The wettest May in Chicago's history and a stretch of record-tying high temperatures have combined to cook up the perfect conditions for millions of mosquito eggs to develop, experts say. Typically, mosquito season doesn't kick off until mid-June.

    "When we're out and about, we find that people are surprised," said George Balis, an entomologist at Clarke Environmental, which handles mosquito abatement for parts of Lake, McHenry, Kane, DuPage and Cook counties.

    What can we expect for this summer? And will the risk for West Nile virus be higher than average?

    Here's the bad news and good news.

    Bad news: Obviously, the mosquitoes have gotten off to a very strong start, in part because 8.2 inches of rainfall was recorded at O'Hare International Airport in May, breaking a record of 7.5 inches in 1945. Then there was the three-day stretch of 90-degree temperatures -- the earliest in the year since 1977 -- which sped up mosquitoes' metamorphosis.

    Good news: A strong start for mosquitoes doesn't mean they'll hang on for the whole summer, Balis said.

    "It's hard to really designate an entire year by the beginning of the season," he said.

    Just as the weather can quickly change, so too can the conditions for mosquitoes to multiply. But the perfect conditions are different for relatively harmless but pesky mosquitoes and those that actually carry infections such as West Nile virus.

    Bad news: The first mosquitoes in Illinois found to be carrying the West Nile virus were found in the Northern suburbs of Glenview and Morton Grove last week, though no human cases have been reported, Illinois Department of Public Health officials said. West Nile virus has been reported in the state every year since 2001.

    Good news: For the past several years, scientists at the University of Illinois have been forecasting the weekly risk of West Nile virus by analyzing weather patterns favorable to culex pipiens -- the type of mosquito that carries West Nile virus. The species prefers drier and warmer weather.

    Their most sophisticated modeling system is based in DuPage County, where a high number of mosquito traps provide strong data.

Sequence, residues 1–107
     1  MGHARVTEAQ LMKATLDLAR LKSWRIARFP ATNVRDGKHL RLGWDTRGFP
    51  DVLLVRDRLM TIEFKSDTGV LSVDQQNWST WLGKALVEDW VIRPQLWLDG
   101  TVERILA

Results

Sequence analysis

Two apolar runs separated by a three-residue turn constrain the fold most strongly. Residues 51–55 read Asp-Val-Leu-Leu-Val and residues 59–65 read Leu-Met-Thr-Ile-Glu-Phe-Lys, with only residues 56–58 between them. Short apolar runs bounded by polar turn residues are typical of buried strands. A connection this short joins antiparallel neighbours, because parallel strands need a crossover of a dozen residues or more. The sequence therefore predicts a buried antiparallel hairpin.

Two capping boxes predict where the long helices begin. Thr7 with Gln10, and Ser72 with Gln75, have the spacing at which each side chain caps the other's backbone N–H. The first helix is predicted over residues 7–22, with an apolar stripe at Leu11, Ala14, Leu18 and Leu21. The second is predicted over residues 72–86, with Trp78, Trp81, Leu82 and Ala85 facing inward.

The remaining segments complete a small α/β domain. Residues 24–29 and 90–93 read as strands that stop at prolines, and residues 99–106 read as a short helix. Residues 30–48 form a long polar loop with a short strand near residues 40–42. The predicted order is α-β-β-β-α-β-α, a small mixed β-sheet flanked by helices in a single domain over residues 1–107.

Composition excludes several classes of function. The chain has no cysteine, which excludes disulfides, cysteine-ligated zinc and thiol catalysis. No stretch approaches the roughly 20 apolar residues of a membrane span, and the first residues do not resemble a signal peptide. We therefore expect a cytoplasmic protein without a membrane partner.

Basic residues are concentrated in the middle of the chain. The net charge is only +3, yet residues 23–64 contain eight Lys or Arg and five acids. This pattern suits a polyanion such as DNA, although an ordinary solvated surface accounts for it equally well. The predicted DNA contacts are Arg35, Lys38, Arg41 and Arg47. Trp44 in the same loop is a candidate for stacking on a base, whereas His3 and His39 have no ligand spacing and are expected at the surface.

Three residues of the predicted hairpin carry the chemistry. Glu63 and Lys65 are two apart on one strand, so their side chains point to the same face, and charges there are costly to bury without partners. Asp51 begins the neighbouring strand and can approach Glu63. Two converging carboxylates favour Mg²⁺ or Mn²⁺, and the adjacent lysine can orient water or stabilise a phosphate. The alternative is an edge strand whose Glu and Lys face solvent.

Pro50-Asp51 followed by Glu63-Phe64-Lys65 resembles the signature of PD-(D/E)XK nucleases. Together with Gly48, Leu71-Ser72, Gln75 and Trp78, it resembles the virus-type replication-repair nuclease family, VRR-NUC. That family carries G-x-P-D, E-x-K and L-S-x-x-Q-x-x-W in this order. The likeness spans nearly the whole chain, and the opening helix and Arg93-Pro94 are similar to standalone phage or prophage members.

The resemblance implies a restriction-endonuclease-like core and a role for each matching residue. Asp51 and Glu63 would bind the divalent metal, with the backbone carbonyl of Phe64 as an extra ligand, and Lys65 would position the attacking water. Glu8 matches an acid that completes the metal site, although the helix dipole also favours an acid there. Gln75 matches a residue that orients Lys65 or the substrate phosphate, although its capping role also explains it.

With the average rainfall last fall and bitter low temperatures in January, this summer so far is not shaping up to be an especially bad year for West Nile virus, said Marilyn O'Hara Ruiz, the director of the university's geographic information science and spatial epidemiology lab.

    Bad news: We're not out of the woods. Ruiz said the next several weeks will provide insight. If the infection rate starts mirroring 2012, the state's worst year for West Nile virus, there could be trouble.

    Balis said that whether or not the risk is high, it's always important to wear insect repellent and remove standing water.

    "When you have exposure to mosquitoes, there are things you can do regardless of whether they are West Nile mosquitoes or quality-of-life mosquitoes," he said.

    See original article here.


  • June 1, 2018

    Expert Susan Paskewitz Comments on High Mosquito Activity in Wisconsin


    MADISON, Wis. - While summer weather has us itching to get outside, mosquitoes just have us itching.

    Susan Paskewitz, a professor in the entomology department at University of Wisconsin-Madison, said the area’s mosquito hatch is off to an early start thanks to a very rainy May.

    "This has been an unusually high-intensity year,” she said. “It means there will be a lot of nuisance mosquito activity out there. A lot of people will be bitten in their own yards."

    Fighting the pests can be a losing battle, but it’s one Mike Freeman is taking on with his business, Mosquito Authority, which offers to mosquito-proof backyards.

    "What we do is treat vegetation all along the property line. We stay away from flowers, beneficial insects,” he said.

    The idea is to chemically treat plants so mosquitos will land on them and die before landing on people.

    "We're treating vegetation so you're not rubbing chemicals on your body,” he said. “It's just an alternative way of giving yourself protection."

    He said that, this year, business has been swarming.

    "The phone's been ringing nonstop,” he said.

    Paskewitz said chemically treating your backyard can be helpful, and is safe for children and pets, but it's not foolproof, and won't last the whole summer.

    "But most Wisconsinites are hearty folks and know how to deal with mosquitos,” she said.

    For Freeman, dealing with mosquitos means taking a stand.

    “What we’re able to do is give people their backyards back,” he said.

    Paskewitz said last year was a record-setting year for mosquito activity, and this year has that potential, as well.

    “We could really be looking at some epic populations this year, but it all depends on the rain.”

    See the original article here.


  • May 31, 2018

    Tick App Recently Promoted at Community Discussion


    Researchers from Columbia University recently led a public discussion regarding ticks and potential ways to reduce or eliminate their numbers on Block Island, Rhode Island. Several community members came out to share their perspectives and discuss the issue with researchers Maria Diuk-Wasser and Pilar Fernandez, who are both from Columbia University, and Mary Hayden, who is a Behavioral Scientist from the University of Colorado.